Around 40% of the line runs through forested areas, requiring special attention to minimise disturbance to wildlife and habitats environmental protection measures are costed at k4·6m.
Progress with the southern and western arms of the project is much less advanced, and funding has not been agreed. The western branch would run from Genlis near Dijon through the centre of Dijon with high speed infrastructure built from a point north of Dijon to Turcey, where there would be a junction with the former PLM main line. Only at a later stage would a further westward extension be built to connect with the TGV Sud-Est line.
Agreement has been reached with the town of Dijon that a new station will be built at Porte Neuve, and the project was approved by RFF on May 11 this year, after which the dossier was to be submitted to the Ministry of Transport.
No alignment has been agreed for the southern branch, which is likely to be built to carry both passenger and freight traffic. Initial plans call for it to be linked to both the eastern and western arms between Dole and Dijon, then passing between Louhans and Lons-le-Saunier to allow Bourg-en-Bresse to be served. At its southern end the route would feed into the Paris - Sud-Est line. Studies into traffic forecasts and links to existing lines began early this year.
The present French government has given a commitment to build 900 km of line over the next 10 years. Despite the existence of a first class main line that already permits 200 km/h over long sections, plans are firming up for a TGV line from Tours to Poitiers, Angoulême and Bordeaux (Table III). Beyond Bordeaux branches are envisaged running southeast to Toulouse and south to the Spanish border. The attraction for Toulouse is a timing of around 3 h to Paris compared with 5 h at the moment, with Toulouse - Bordeaux services taking just 1 h. The branch to the Spanish border is intended partly to make rail more attractive for international freight services and options include laying two extra tracks next to the existing route. Of special interest is the French government's intention to award the Sud-Europe-Atlantique project to a concessionaire - the government indicated in September that tenders could be called before the end of the year.
The present gap between TGV Méditerranée and the line being built from Perpignan to Figueres will be partly bridged by the Nîmes - Montpellier bypass, and a package of upgrading measures costing €150m would provide some improvements between Montpellier and Perpignan, where a complete new line is envisaged in the long term. This would allow the 200 km between the two towns to be covered in around 45 min, at the same time opening up the possibility of a 4 h 30 min timing from Paris to Barcelona.
In the northwest plans are moving steadily ahead to build an extension of the TGV Atlantique line from Connerré near Le Mans to Laval and Rennes, with a branch west of Le Mans linking into the line to Angers and Nantes. RFF is at present discussing financing options with the government, SNCF and the regions of Bretagne and Pays-de-la-Loire with a view to work starting in 2009.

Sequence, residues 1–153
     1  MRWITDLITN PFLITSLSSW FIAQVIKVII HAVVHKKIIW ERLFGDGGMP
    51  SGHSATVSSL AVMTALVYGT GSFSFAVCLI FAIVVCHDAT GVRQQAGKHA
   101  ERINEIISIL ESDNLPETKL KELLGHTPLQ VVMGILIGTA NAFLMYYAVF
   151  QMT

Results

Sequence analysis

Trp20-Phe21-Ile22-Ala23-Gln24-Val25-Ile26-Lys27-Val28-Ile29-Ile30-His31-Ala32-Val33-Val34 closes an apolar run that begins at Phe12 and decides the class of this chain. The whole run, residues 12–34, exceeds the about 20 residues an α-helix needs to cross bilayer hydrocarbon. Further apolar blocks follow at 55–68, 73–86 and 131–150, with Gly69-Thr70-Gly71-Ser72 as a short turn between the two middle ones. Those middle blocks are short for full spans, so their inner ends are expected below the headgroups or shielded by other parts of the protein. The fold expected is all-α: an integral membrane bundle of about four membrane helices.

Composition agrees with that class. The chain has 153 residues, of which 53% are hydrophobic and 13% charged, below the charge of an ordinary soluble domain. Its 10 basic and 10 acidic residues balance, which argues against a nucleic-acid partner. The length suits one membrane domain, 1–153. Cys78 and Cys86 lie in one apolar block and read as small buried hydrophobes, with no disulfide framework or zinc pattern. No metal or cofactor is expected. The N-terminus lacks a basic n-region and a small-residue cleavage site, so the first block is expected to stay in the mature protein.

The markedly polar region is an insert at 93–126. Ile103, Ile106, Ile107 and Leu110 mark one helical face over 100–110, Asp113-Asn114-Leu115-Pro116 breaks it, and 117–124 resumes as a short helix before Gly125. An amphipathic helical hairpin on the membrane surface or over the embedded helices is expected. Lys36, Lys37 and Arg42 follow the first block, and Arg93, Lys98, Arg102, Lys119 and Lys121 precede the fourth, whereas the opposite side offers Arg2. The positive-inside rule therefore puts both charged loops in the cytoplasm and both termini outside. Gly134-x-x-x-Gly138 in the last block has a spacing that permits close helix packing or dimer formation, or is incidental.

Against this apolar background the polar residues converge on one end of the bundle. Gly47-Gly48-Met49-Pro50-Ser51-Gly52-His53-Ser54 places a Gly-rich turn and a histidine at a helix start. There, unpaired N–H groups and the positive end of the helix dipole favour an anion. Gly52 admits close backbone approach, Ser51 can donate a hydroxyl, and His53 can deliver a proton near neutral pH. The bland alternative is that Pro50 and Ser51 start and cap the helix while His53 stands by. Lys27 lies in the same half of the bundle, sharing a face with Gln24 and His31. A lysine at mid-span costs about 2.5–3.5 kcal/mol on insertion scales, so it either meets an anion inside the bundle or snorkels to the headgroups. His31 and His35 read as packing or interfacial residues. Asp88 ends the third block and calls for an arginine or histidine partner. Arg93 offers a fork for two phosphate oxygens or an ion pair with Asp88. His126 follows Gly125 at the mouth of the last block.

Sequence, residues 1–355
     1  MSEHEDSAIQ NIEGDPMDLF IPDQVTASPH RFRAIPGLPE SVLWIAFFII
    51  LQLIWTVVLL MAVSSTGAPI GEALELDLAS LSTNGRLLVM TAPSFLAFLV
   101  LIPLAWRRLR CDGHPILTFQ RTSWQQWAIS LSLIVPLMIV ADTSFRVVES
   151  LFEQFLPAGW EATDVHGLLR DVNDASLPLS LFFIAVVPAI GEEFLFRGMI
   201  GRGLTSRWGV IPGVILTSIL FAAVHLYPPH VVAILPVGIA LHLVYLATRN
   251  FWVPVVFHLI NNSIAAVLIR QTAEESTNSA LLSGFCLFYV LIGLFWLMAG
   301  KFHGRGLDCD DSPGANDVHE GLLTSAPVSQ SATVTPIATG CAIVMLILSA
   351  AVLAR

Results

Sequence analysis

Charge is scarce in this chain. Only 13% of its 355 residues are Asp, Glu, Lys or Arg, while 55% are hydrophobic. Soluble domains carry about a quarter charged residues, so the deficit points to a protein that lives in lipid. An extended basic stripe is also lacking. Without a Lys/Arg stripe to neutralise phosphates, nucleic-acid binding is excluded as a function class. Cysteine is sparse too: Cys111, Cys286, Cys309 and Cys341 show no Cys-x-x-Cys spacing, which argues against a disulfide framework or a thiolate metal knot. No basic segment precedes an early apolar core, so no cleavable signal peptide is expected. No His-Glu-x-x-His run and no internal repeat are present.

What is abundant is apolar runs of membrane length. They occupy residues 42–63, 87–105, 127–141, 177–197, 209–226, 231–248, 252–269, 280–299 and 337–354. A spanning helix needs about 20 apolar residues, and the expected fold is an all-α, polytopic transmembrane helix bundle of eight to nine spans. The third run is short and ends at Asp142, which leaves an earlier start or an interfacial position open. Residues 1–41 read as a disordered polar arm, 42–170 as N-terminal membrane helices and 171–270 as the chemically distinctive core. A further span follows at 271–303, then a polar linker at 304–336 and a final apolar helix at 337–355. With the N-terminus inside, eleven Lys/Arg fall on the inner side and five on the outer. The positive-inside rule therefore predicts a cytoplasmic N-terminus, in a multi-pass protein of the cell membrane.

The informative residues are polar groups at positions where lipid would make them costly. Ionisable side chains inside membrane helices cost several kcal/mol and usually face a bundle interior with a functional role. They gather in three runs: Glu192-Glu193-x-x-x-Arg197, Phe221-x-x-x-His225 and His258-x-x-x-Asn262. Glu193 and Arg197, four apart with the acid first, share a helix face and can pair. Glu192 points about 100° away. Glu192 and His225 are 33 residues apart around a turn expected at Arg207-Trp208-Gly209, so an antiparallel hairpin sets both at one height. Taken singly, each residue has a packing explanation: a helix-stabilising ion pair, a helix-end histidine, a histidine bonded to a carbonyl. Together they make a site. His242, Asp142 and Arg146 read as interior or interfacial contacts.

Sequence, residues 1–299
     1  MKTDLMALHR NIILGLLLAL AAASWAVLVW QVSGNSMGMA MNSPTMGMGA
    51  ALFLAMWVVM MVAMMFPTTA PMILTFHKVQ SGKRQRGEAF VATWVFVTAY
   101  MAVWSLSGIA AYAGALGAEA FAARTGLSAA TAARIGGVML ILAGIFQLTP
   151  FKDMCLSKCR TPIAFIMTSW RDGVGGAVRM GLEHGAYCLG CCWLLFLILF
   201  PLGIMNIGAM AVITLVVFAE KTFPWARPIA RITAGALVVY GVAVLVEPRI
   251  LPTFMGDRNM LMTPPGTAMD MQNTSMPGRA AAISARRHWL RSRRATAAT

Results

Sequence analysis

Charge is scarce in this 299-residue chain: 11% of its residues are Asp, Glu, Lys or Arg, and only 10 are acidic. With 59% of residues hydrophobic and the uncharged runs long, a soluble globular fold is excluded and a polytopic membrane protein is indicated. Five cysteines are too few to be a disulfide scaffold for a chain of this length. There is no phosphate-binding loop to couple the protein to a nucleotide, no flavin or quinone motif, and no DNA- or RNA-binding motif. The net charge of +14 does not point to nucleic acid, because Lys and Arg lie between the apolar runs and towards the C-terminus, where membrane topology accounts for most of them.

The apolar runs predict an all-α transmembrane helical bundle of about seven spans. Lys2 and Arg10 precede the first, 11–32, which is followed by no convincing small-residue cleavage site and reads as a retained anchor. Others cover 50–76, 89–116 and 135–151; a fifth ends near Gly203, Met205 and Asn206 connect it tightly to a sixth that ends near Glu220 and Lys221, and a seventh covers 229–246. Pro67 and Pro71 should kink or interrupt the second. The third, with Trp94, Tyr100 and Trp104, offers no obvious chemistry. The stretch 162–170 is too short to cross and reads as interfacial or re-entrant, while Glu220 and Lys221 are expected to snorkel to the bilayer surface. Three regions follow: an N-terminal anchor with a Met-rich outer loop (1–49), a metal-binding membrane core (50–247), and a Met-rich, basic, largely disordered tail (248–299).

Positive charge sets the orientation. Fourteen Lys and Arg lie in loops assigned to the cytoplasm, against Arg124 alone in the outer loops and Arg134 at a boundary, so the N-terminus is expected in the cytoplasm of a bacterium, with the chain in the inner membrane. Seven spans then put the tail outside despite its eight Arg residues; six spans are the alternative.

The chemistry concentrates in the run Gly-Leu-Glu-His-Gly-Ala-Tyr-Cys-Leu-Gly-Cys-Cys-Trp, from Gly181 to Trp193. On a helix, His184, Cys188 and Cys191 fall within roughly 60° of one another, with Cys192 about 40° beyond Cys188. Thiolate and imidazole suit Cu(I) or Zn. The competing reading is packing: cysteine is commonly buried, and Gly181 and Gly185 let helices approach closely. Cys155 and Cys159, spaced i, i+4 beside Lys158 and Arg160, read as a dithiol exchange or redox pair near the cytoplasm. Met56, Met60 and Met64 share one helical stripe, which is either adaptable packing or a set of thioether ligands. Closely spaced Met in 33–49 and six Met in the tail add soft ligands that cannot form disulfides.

In the far south the Marseille - Nice TGV route has generated considerable controversy, with debate focusing on inland and coastal routes and a possible branch to Toulon. The multiple objectives of improving transport links within the Provence-Alpes-Côte d'Azur region, providing better access to other parts of France and accelerating international services from Italy towards Spain are proving difficult to reconcile.
- CAPTION: Test running on a 200 km section of TGV Est began on November 13
Photo: J P Masse
Table III. TGV projects planned
Tours - Angoulême - Bordeaux
302 km, €4·9bn
DUP for Angoulême - Bordeaux expected shortly
Public enquiry for Tours - Angoulême in 2007
Envisaged as a concession project, with tenders due to be called late 2006
- Sud-Europe-Atlantique extension to Toulouse
Bordeaux - Toulouse
250 km, €2·8bn to €3·3bn
Studies in hand
- Sud-Europe-Atlantique extension to Spanish frontier
Bordeaux - Dax - Hendaye
225 km, €3·5bn to k4bn
Public consultation began August 30 2006
- Bypass round Nîmes and Montpellier
80 km, €1bn
DUP received May 16 2005 tenders may be called by the end of 2006
- Montpellier - Perpignan link
200 km, no cost available
Initial studies with public consultation planned for 2008
- Bretagne - Pays-de-la-Loire
Connerré - Laval - Rennes
180 km, €2·2bn
Public enquiry carried out from May to July 2006 work to start in 2009
- Provence-Alpes-Côte d'Azur
Marseille - Nice
185 km, €5·6bn
Initial studies of several possible routes completed more studies planned
- Poitiers - Limoges
100 km, no cost available
Public consultation began September 1 2006
- Lyon - Torino
Lyon - Bussoleno
200 km, including 52 km base tunnel on frontier section. €13·7bn, of which €6·7bn for base tunnel.
French access route agreed February 2006. Public enquiry for section from St-André-le-Gaz to border undertaken in May to June 2006 and DUP expected in 2007. An agreement between the French and Italian governments provides for work to start by 2010